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INSIDE SAHARA
I can see John, our sound recordist, hovering over the driver, eager to help, or perhaps just trying to annoy him with his irony. John joined the team on Hemingway and is by far my favourite Sound Department. Partly because he tolerates the occasional and inevitable intrusion of my noisy shutters when it is clear that Mike’s actions in front of the camera will never be repeated again. A true English gentleman in many ways, unflappable and blessed with an extra dry sense of humour, he is also cursed with a peculiar passion for ‘tidying up’, especially if an unfinished bottle of wine is involved. He blames his obsession on the time spent working with the not very tidy Camera Department, but we all think it’s probably a genetic thing. We like to refer to him as our ‘Multi award-winning acoustician.’

We pull up beside them. ‘Everything OK?’ I ask. ‘Oh fine, fine. And how’s the Wordsmith and the Master of the Static Frame?’ says John. Pete walks over and offers me a cigarette. ‘Care for a puncture moment?’ Nigel returns from his stroll, clearly relieved but looking more than a little weary. ‘How are you guys doing?’ he says, smiling. These stops, unscheduled or otherwise, have become almost ritualistic. We gather, exchange greetings and offer up a variety of treats for parched throats or snacks for energy. And as the drivers face Mecca and pray, we stretch our legs and head for the nearest bush. Nothing really special ever happens on these stops, but I look forward to them. Because each time it is like a mini reunion, a confirmation that we have all made it in one piece, a kind of affirmation that our luck is holding, and that we have just gotten a little further down the line on this epic journey.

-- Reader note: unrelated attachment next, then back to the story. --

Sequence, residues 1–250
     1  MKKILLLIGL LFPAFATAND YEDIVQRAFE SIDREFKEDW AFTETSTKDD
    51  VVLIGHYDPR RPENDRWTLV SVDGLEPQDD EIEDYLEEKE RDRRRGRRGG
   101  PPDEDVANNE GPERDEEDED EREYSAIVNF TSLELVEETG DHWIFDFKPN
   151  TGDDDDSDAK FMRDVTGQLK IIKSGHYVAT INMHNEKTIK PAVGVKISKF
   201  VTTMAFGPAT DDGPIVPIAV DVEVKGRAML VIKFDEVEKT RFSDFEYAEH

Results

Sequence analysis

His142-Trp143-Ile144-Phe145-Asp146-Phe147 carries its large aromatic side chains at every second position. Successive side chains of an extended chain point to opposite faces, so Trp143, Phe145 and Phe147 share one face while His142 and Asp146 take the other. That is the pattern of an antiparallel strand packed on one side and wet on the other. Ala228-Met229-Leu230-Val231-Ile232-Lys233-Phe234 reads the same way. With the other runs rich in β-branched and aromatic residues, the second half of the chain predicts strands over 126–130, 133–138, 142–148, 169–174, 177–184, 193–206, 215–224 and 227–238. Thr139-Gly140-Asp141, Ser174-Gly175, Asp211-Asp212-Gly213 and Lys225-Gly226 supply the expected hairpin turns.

Nothing extraordinary happened at that stop either. In fact, nothing happened at all. Just a bunch of guys milling around aimlessly in the middle of one of the most inhospitable spots on earth, waiting for a tyre to be changed. But it was right there, beside the punctured tyre, that I had one of those ‘defining moments’ that you read about in self-help books. I came to the realisation that I am no longer concerned about becoming a ‘Great Photographer’; I am happy just to be one of the luckiest. Because I get to go on the road with my very own dysfunctional family, and home feels like it’s only as far as the next tent. At the end of the day, that means much more to me than having the luxury of waiting for the right light, or the respect that comes with being considered a serious photojournalist. Plus I get to help drag Quasi’s thirty-eight cases of pig iron all around the world, and life simply doesn’t get any better than that.

It is on their behalf that I present to you this book, a kind of family album on the journey we took together, the places we saw and the people we met along the way. And as John and I were fond of saying to our illustrious leaders whenever we arrived at another shit hole, ‘Thank you for bringing us here.’

Basil Pao. March 2002
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Michael's introduction
About Basil Pao
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